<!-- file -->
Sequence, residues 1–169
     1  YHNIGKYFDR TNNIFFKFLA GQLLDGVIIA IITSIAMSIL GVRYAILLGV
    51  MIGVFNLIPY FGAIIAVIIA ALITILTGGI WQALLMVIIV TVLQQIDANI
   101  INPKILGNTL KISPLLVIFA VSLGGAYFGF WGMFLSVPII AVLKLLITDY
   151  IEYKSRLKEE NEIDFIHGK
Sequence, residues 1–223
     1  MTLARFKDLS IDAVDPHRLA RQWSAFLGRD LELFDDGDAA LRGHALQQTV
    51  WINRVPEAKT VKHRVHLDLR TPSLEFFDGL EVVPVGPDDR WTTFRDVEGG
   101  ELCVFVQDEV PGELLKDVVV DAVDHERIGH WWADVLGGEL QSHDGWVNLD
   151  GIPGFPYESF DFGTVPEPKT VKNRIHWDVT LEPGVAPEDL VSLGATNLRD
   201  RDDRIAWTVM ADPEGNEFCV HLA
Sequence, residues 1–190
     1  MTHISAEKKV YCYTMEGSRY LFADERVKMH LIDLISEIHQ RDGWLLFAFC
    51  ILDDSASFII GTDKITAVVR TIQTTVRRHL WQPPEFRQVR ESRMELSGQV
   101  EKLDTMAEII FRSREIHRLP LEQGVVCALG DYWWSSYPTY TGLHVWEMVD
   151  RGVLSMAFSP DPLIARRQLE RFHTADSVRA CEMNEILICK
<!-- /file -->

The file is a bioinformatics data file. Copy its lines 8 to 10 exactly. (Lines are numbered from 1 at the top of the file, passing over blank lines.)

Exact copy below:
    51  WINRVPEAKT VKHRVHLDLR TPSLEFFDGL EVVPVGPDDR WTTFRDVEGG
   101  ELCVFVQDEV PGELLKDVVV DAVDHERIGH WWADVLGGEL QSHDGWVNLD
   151  GIPGFPYESF DFGTVPEPKT VKNRIHWDVT LEPGVAPEDL VSLGATNLRD